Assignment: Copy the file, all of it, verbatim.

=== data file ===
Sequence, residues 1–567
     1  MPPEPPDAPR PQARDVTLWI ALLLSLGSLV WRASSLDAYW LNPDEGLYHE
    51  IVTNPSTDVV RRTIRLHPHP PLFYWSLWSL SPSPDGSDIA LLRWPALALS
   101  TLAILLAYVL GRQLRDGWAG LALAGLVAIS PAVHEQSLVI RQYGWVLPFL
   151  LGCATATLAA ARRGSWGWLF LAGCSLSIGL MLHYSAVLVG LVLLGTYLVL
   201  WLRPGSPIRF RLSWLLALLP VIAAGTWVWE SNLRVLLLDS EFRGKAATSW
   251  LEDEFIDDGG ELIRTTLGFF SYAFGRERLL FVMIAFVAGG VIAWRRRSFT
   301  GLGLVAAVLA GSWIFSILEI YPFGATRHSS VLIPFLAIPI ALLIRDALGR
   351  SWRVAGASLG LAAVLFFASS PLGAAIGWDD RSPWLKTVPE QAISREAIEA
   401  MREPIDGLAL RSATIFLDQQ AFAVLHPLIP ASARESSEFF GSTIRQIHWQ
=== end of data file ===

Sequence, residues 1–567
     1  MPPEPPDAPR PQARDVTLWI ALLLSLGSLV WRASSLDAYW LNPDEGLYHE
    51  IVTNPSTDVV RRTIRLHPHP PLFYWSLWSL SPSPDGSDIA LLRWPALALS
   101  TLAILLAYVL GRQLRDGWAG LALAGLVAIS PAVHEQSLVI RQYGWVLPFL
   151  LGCATATLAA ARRGSWGWLF LAGCSLSIGL MLHYSAVLVG LVLLGTYLVL
   201  WLRPGSPIRF RLSWLLALLP VIAAGTWVWE SNLRVLLLDS EFRGKAATSW
   251  LEDEFIDDGG ELIRTTLGFF SYAFGRERLL FVMIAFVAGG VIAWRRRSFT
   301  GLGLVAAVLA GSWIFSILEI YPFGATRHSS VLIPFLAIPI ALLIRDALGR
   351  SWRVAGASLG LAAVLFFASS PLGAAIGWDD RSPWLKTVPE QAISREAIEA
   401  MREPIDGLAL RSATIFLDQQ AFAVLHPLIP ASARESSEFF GSTIRQIHWQ